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Trust: The foundation of a healthy audience relationship

May 2, 2016 | By Kristy Hammam, SVP—WebMD

I often get asked, who is WebMD’s audience? There are of course many ways to add dimension to the response, but the simplest answer is that the people who come to WebMD are using our content to help them make better informed decisions about their health or the health of a loved one. And at the end of the day, what could be more important? Our audience isn’t just viewing our content; they’re taking an active role in managing their health based on the information they get from us. They trust us with their health, and that trust is something we take with the utmost gravity and respect.

It has never been easier for individuals or companies to establish an online presence, position themselves as experts, and publish information without regard for accuracy and objectivity. Combine that fact with the number of new and interesting monetization opportunities, including native advertising, and it means that as a consumer it can take some real savvy to identify the source of what you’re reading.

As publishers, this gives us all the more reason to be transparent about our sources and to help our audiences clearly understand when they are reading independent editorial content and when they are reading sponsored content. We owe that to people who trust us. Trust is something that’s earned, and at WebMD we work to earn it every single day.

The following three principles ensure the integrity and accuracy of what we produce:

  1. Editorial Independence: WebMD maintains an editorial staff that is separate and distinct from our staff that works with advertisers. Our editorial controls and policies prohibit modifying a story on behalf of, or for the benefit of, an advertiser.
  1. Editorial Excellence: Our content features some of the top minds in medicine and wellness to ensure the highest-quality original offerings. Behind the scenes, we also have more than 120 award-winning writers, editors, and producers whose contributions help to provide a broad range of relevant and engaging content. Our in-house staff of board-certified physician editors review all of our content for medical accuracy, appropriateness of medical language, and proper characterization of the findings. This review is at the heart of our approach and is one of the reasons that we have earned a reputation for accuracy. Additionally, we regularly review the tens of thousands of pages of our content that we publish so that we can make any updates or changes where appropriate. We also source our content carefully and deliberately, and the list of specific references we use are available through a link on each story.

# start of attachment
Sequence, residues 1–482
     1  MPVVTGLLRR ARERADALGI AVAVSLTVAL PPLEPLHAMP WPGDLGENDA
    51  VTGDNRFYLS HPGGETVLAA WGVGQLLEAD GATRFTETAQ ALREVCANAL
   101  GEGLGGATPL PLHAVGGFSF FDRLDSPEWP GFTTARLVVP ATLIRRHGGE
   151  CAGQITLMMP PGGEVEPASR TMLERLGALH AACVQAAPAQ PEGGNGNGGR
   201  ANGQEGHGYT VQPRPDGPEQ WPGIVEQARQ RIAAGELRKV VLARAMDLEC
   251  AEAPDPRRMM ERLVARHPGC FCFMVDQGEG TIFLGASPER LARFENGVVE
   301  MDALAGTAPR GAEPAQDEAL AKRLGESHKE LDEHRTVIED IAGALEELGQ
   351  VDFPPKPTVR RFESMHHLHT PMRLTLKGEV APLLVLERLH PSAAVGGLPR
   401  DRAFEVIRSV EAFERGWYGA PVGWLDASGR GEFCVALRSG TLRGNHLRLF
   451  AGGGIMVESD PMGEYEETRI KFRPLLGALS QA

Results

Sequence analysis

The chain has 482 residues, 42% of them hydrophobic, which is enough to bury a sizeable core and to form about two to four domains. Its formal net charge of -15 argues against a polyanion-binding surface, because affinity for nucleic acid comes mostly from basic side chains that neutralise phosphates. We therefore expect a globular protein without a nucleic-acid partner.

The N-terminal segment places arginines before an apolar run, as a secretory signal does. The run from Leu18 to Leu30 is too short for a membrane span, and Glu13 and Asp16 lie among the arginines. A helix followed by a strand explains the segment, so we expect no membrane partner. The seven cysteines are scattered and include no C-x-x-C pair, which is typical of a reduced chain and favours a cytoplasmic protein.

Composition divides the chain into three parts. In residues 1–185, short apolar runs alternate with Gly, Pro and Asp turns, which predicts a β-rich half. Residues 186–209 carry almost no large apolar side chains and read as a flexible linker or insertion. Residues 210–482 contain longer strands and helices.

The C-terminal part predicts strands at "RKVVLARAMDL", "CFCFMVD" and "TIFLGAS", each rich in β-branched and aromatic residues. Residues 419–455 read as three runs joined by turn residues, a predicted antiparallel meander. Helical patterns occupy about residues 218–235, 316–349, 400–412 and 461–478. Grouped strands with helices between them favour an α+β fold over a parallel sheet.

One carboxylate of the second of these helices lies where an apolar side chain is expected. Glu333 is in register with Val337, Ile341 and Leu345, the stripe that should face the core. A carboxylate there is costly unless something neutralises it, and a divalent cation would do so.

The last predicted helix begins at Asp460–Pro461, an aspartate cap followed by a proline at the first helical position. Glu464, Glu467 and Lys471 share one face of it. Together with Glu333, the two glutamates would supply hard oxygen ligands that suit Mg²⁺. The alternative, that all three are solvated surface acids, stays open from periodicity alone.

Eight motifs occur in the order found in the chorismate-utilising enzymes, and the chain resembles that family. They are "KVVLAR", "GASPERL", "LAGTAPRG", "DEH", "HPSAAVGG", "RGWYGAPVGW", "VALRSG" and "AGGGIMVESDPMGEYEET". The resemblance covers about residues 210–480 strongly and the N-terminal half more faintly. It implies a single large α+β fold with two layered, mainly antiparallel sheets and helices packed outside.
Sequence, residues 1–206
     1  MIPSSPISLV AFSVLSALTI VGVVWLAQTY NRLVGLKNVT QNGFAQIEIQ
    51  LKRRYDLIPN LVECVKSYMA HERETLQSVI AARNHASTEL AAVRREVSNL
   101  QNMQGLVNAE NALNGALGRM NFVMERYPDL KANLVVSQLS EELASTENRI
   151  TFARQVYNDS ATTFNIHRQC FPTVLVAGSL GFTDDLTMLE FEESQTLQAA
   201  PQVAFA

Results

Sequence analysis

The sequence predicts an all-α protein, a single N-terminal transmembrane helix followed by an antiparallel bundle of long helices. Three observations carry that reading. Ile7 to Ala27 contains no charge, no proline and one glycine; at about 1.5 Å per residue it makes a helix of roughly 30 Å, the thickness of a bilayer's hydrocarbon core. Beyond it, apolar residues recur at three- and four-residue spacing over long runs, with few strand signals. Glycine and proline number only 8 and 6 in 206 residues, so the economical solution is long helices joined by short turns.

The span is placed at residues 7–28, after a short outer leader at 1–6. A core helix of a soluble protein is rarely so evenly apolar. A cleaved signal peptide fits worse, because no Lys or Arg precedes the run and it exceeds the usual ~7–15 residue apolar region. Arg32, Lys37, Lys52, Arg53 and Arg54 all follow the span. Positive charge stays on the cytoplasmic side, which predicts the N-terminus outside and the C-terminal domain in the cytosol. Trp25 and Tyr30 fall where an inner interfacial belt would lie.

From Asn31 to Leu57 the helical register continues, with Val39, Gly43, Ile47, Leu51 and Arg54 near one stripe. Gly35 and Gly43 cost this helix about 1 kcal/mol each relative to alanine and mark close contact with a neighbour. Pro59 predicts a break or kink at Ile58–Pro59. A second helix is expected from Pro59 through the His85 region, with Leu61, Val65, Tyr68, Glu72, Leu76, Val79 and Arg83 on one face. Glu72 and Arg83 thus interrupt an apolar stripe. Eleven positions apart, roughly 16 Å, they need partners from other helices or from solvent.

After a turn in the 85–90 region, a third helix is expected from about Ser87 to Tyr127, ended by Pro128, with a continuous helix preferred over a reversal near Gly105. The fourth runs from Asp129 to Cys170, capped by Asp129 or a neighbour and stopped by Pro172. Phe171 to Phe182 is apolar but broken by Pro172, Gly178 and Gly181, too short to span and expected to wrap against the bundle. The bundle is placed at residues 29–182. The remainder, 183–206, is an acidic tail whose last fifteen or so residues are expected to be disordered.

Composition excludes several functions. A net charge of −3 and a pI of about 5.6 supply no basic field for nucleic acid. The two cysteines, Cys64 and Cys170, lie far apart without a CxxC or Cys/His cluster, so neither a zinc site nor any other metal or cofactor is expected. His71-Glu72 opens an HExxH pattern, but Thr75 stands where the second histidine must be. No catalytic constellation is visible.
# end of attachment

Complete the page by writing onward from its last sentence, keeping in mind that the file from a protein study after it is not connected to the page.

1. Full Transparency: Like other media outlets and publishers, in addition to the content that we create in accordance with our Editorial Policy, in certain circumstances, WebMD also publishes content that is authored by our advertisers. In all cases, however, advertiser content is clearly labeled as provided by the advertiser to make the sourcing clear to our users, and our process for labeling that content is spelled out publicly.  We believe that identifying the source of such sponsored web pages is critically important. Our voluntary participation in independent accreditation and certification programs such as URAC reinforces our commitment to transparency and trust.

WebMDsponoredlogoThis tried-and-true approach has earned us consumer trust since 1996, and the 76 million unique visitors who come to us each month affirm the success of our model. We believe that publishers who create great content, adhere to these principles and enable audiences to differentiate easily between independent editorial and advertising content are the ones who will not only survive but thrive.

Kristy Hammam leads the team responsible for serving WebMD’s users by selecting the best content to appear on WebMD’s Home Page, Health & Wellness Centers, newsletters, and partner sites.

Hammam began her career as a writer and copy editor at CNN Headline News, where she worked for nearly six years. She went on to produce and voice a weekly health feature in addition to national and international features for all of the CNN networks. She also gained experience field-producing live events for CNN and line-producing in a studio control room. Before moving into her current role, Hammam served as WebMD’s deputy managing editor and as executive producer of programming.

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